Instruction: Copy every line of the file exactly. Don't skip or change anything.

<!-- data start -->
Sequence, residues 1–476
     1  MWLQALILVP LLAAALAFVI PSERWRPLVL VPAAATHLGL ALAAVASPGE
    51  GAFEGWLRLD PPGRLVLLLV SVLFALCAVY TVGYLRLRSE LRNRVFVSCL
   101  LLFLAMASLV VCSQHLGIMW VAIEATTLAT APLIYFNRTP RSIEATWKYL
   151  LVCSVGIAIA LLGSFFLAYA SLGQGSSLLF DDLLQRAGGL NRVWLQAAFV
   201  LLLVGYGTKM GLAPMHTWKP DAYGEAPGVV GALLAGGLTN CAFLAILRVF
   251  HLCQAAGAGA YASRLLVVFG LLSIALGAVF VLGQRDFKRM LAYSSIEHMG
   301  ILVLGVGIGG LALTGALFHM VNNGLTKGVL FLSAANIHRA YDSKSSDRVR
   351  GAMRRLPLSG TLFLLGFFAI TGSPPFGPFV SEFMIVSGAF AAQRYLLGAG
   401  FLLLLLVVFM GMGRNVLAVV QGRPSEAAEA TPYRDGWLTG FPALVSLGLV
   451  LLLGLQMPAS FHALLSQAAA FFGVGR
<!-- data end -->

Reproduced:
Sequence, residues 1–476
     1  MWLQALILVP LLAAALAFVI PSERWRPLVL VPAAATHLGL ALAAVASPGE
    51  GAFEGWLRLD PPGRLVLLLV SVLFALCAVY TVGYLRLRSE LRNRVFVSCL
   101  LLFLAMASLV VCSQHLGIMW VAIEATTLAT APLIYFNRTP RSIEATWKYL
   151  LVCSVGIAIA LLGSFFLAYA SLGQGSSLLF DDLLQRAGGL NRVWLQAAFV
   201  LLLVGYGTKM GLAPMHTWKP DAYGEAPGVV GALLAGGLTN CAFLAILRVF
   251  HLCQAAGAGA YASRLLVVFG LLSIALGAVF VLGQRDFKRM LAYSSIEHMG
   301  ILVLGVGIGG LALTGALFHM VNNGLTKGVL FLSAANIHRA YDSKSSDRVR
   351  GAMRRLPLSG TLFLLGFFAI TGSPPFGPFV SEFMIVSGAF AAQRYLLGAG
   401  FLLLLLVVFM GMGRNVLAVV QGRPSEAAEA TPYRDGWLTG FPALVSLGLV
   451  LLLGLQMPAS FHALLSQAAA FFGVGR